It is always inspiring to witness people overcoming the horrible trials and tribulations they go through in life. The strength in being able to turn one’s life around and move forward from a bad situation is something to look up to.
Awful things like sex slavery happen in the United States. Some women lose their ability to move forward after such trauma, but Shandra Woworuntu is a strong woman.
In 1998, at 21 years old, Woworuntu lost her job as a financial analyst in Indonesia due to the Asian banking crisis. Not having a job was unacceptable because she had a baby girl to provide for.
Three years later, she came across a job offer that would change her life.
According to Pix11 News, when Woworuntu was 24, she accepted a six-month seasonal job advertised as a hotel waitress position in the United States. Unexpectedly, a totally different type of work started when she was picked up by a man named Johnny Wong at the Kennedy Airport in Queens.
“I saw the man hand a big envelope of money to Johnny Wong,” Woworuntu recalled.
Wong had just delivered her to another man at the Sheraton Hotel.
At this point, Woworuntu entered the world of human trafficking.
She was then shipped off to a house in Queens where she and two other young women were put in an attic and checked for skin disease. The men required that she undress. When Woworuntu refused, a gun was put to her forehead.
She said a man transported her to a new location and told the madam of the home that she was ready to work. Though she did not want to follow directions, she saw something that made her realize that she had to comply to survive.
“I saw the security with a baseball bat,” Woworuntu told PIX11. “I saw a little girl, 12 or 13 years old, beaten by another bouncer.”
She said that she had to do whatever the customers wanted.
“Every 45 minutes, I was sold for $120 to $350,” Woworuntu said.
A few months later, when she found out she was going to be sent to another city to work, she gathered the strength that she had along with the money she had set aside and decided it was time to leave.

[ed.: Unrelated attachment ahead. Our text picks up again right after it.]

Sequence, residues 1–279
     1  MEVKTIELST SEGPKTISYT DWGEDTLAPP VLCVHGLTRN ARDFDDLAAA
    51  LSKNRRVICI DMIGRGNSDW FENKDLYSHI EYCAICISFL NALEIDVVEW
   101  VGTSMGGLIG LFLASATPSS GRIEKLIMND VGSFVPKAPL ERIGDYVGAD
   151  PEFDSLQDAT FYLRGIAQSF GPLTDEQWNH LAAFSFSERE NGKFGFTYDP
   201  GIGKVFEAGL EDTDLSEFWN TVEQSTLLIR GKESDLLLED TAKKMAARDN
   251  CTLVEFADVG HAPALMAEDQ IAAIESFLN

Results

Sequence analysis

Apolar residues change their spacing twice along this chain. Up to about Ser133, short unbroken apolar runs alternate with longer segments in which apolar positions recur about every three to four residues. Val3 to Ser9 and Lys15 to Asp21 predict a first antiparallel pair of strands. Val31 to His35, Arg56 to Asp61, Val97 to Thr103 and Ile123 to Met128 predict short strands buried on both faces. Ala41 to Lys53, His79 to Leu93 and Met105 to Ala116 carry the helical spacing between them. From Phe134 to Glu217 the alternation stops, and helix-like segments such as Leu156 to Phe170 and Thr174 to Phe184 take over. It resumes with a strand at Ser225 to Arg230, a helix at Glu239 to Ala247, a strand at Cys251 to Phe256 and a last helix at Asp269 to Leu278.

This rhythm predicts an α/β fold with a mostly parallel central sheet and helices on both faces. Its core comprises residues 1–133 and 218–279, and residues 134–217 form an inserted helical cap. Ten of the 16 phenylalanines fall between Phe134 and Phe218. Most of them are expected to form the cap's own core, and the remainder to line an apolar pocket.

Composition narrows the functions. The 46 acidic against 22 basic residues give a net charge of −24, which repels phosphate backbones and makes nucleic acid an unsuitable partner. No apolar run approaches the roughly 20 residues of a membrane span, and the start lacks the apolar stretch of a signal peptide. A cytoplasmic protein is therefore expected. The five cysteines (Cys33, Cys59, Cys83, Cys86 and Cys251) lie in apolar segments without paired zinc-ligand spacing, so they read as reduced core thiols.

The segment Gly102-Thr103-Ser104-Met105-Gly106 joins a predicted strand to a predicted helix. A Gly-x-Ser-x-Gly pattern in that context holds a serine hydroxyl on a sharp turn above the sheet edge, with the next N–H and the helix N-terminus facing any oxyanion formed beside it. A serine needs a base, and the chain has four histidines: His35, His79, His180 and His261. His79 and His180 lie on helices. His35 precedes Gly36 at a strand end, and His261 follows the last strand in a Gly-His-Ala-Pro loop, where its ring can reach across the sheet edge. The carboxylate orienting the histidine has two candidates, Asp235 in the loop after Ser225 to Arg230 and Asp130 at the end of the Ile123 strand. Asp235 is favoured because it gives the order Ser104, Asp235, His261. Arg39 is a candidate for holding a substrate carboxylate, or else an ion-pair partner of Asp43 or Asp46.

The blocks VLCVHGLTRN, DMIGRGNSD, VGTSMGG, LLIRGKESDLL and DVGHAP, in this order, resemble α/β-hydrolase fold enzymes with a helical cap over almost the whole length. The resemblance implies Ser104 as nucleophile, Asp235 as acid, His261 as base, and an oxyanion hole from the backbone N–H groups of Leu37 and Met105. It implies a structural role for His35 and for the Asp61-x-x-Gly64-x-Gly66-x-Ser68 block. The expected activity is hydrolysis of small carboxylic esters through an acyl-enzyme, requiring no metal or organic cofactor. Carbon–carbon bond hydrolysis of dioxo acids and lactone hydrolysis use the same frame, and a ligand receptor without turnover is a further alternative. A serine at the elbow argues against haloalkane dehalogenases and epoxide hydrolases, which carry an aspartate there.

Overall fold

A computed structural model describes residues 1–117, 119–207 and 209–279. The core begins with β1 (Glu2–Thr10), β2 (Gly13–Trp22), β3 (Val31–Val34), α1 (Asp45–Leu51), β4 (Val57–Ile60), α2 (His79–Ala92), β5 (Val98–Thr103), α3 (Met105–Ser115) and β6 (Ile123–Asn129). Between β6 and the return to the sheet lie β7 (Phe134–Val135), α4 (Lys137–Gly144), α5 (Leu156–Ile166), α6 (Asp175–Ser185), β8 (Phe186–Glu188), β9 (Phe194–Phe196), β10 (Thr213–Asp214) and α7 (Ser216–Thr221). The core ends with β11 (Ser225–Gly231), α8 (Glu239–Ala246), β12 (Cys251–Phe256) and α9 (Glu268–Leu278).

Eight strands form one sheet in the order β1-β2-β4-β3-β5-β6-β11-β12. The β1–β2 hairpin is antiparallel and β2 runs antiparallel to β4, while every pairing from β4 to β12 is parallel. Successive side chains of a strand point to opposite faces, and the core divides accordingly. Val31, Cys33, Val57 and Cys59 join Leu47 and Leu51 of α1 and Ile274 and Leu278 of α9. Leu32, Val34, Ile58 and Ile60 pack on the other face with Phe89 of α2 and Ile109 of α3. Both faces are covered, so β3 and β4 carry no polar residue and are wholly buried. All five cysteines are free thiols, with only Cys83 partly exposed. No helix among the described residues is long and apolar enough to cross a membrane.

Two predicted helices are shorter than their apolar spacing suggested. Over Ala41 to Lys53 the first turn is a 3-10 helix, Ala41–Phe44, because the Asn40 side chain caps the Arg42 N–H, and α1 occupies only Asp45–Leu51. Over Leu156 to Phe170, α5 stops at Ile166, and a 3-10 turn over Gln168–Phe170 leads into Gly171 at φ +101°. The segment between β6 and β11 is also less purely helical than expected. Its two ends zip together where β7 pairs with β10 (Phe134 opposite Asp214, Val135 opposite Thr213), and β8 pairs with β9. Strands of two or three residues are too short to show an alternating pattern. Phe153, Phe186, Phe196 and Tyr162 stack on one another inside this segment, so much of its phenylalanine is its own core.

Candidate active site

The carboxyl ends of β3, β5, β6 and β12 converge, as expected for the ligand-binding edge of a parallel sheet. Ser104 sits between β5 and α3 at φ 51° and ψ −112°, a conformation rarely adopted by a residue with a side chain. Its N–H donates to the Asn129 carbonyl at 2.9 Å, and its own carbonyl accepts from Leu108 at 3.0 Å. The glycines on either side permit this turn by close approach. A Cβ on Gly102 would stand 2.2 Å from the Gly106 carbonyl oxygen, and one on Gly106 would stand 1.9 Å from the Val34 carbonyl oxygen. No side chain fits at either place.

Her jump to escape in 2001 landed her freedom.
Woworuntu explained that she heard she was getting sent to Boston for work, she did not have a good feeling about it, so she escaped. She and a 15-year-old girl jumped off the ledge of a second-floor bathroom of a property in Brooklyn.
Though she escaped, she ended up on the streets because she had little money and no one to help take care of her. She said that she was homeless until a Navy sailor noticed her and called the FBI.
Woworuntu has since rebuilt her life and is now an international advocate and leader in the fight against human trafficking.
Shandra Woworuntu and Chris Heuertz spoke about Mentari's establishment in Omaha #BigOmaha. Shandra Shared about her story, life and her dream. #passion #compassion #goal
Woworuntu married and had a son, but she told PIX11 her husband was abusive and they divorced.
The tough times this woman went through pushed her to help other women who have gone through the same things. She founded an organization called Mentari, based in New York, which helps sex trafficking survivors reintegrate into society.
Not only is she a keynote speaker but she trains law enforcement, attorneys, social workers, medical practitioners and businesses and also lectures university students across the country and internationally.
And she has just been named as a National Honoree of L’Oreal Woman Of Worth 2017.